Another point is that the Greek ancient gods were amoral and whimsical. They didn’t care much about good and evil. Weirdly enough this had a good effect as well. Men didn’t think gods were morally perfect while men full of iniquity, and, since they could not count on these whimsical gods’ help, men had to make their own destiny and had to believe in their worth. Western man thinks instead that he is corrupted and a sinner from the beginning (original sin) and that only God can save him.
[The Renaissance only by developing humanism and humanitas has mitigated this belief by stressing both man’s worth and freedom. Incidentally, the Renaissance origin, Italy, and its deep meaning, the rediscovery of the classical world, are not fortuitous, how can they be, they representing like survivals of the ancient world popping up again not only as mere imitation]
Finally Greek men were not striving to be good just because they expected a reward from god(s) or feared their punishment. Given such unpredictable gods, when men were good they were such because they really wanted to, not for any other external reason.
Human Mind like a Museum
As a conclusion, we’ll expand a bit something we said about our country. There are areas of the Italian South which are still developing and which contain more than elsewhere precious elements of our ancient culture. In short, they are like a museum.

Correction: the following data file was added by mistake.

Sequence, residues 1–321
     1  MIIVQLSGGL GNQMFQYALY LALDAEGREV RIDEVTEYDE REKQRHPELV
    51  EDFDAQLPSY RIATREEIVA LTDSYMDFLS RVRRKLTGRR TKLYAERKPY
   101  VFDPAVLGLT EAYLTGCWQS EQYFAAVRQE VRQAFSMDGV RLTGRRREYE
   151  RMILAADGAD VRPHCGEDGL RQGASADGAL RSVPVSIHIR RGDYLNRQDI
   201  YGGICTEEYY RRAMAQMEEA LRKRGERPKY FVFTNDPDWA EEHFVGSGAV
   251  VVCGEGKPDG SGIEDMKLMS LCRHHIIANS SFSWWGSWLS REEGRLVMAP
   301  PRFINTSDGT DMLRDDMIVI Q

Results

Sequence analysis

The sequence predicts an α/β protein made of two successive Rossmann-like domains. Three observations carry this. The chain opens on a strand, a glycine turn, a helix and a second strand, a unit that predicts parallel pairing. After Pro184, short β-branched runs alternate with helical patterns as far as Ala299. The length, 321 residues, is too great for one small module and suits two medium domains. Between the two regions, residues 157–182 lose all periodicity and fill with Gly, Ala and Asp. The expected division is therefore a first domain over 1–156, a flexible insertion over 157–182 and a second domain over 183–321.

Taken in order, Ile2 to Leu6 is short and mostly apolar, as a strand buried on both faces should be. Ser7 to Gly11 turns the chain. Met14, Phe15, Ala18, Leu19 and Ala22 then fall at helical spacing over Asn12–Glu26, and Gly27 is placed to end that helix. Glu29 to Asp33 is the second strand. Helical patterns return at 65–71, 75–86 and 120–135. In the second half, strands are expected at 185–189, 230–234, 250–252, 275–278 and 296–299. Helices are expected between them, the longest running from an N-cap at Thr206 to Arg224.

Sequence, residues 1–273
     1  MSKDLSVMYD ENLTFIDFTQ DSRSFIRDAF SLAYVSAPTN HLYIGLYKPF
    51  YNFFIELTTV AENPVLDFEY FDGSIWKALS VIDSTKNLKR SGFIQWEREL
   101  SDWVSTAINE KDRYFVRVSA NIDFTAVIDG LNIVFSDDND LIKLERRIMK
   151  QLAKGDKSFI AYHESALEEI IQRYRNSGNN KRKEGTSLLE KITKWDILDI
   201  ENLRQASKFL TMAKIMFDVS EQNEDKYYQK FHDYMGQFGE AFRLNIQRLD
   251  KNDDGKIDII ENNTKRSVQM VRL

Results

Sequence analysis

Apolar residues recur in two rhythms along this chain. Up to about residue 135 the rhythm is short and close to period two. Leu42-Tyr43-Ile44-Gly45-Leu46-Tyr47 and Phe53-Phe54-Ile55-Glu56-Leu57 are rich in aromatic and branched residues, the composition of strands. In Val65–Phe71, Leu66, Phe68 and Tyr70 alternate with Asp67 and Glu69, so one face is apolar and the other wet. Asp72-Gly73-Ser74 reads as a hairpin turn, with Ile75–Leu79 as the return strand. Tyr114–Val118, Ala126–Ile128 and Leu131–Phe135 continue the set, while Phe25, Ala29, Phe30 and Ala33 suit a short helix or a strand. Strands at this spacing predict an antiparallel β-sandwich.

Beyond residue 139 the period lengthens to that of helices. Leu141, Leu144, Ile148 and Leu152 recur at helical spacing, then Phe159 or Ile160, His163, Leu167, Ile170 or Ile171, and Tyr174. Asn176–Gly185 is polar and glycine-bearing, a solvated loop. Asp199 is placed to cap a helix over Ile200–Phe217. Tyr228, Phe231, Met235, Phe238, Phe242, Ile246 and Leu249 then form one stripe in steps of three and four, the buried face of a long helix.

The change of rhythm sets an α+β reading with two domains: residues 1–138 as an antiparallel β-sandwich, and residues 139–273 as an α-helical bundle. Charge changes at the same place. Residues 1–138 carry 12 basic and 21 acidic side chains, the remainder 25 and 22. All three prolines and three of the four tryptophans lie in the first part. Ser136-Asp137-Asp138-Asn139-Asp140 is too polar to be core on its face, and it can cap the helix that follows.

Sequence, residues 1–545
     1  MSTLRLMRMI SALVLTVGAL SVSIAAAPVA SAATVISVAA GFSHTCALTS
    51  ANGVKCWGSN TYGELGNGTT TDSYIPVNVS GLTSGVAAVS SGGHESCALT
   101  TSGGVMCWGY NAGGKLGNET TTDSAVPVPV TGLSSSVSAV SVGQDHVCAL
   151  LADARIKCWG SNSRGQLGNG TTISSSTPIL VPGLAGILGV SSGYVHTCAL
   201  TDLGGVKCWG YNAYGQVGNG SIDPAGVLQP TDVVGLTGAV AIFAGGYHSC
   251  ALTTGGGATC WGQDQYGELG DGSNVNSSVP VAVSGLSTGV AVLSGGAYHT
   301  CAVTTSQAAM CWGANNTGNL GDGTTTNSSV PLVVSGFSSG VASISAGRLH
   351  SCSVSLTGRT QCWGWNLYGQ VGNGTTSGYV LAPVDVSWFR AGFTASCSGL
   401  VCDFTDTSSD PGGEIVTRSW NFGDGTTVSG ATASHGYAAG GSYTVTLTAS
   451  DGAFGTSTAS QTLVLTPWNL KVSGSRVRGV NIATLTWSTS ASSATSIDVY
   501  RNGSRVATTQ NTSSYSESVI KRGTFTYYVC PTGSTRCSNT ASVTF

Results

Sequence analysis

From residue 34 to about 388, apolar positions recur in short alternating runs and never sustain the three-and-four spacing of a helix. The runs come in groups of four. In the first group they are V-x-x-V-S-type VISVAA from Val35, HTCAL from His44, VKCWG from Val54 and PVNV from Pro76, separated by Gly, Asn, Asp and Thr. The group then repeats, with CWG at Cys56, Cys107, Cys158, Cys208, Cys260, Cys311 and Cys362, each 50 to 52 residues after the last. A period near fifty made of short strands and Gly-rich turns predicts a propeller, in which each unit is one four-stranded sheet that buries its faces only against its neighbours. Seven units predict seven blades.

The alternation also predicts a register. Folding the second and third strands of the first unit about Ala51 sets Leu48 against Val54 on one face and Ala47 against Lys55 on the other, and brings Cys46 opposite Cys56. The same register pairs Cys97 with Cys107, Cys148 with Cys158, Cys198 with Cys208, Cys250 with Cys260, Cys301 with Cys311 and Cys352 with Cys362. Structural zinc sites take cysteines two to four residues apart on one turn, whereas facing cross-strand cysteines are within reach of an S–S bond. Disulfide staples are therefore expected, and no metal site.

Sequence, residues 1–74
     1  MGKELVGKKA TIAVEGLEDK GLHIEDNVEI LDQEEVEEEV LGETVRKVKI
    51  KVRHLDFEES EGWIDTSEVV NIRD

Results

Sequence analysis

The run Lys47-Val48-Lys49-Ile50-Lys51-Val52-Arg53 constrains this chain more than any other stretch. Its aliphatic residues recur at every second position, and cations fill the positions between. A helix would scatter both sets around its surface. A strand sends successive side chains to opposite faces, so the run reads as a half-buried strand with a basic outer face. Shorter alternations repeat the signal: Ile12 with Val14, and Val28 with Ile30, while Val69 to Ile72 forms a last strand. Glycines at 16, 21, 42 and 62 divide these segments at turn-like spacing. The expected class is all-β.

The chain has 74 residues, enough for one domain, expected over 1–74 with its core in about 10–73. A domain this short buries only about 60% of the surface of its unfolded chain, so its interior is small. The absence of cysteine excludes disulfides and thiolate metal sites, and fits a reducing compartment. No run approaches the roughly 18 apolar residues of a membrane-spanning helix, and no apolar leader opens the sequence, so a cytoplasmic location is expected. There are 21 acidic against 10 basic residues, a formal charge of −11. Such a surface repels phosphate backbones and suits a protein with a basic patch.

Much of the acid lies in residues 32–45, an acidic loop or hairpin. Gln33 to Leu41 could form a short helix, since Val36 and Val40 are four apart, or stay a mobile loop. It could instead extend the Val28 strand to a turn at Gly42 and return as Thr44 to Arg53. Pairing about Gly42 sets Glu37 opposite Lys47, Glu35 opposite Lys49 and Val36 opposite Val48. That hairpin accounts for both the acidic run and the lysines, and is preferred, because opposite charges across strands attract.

I would add that every man’s mind is like a museum, no matter where he comes from, since it contains almost infinite traces of past conceptions, from Stone Age onwards, though without an inventory. This Magister said many years ago. He said we should make such an inventory. To criticise our mind – he explained – is to make such an inventory.
In Living to our Fullest Potential we wrote about Dario Bernazza‘s list of the 30 major issues we must necessarily solve in the best possible way in order to diminish life sufferings and live a fruitful life. After no. 1 in his list (Defining a purpose in life) we will here consider no. 2 and no. 3, namely:
2. Keeping ourselves in good health
3. Serenity of soul
According to Bernazza (I am summarizing freely) health is more precious than wealth or power. It is a prerequisite for a fruitful and happy life. “It is the condition without which the edifice of happiness cannot be built or, if it is already in place, its falling apart cannot be avoided”. Better to be an unknown man who is in good health, than being a successful man who is sick. Good health is a way of delaying old age and fighting back death.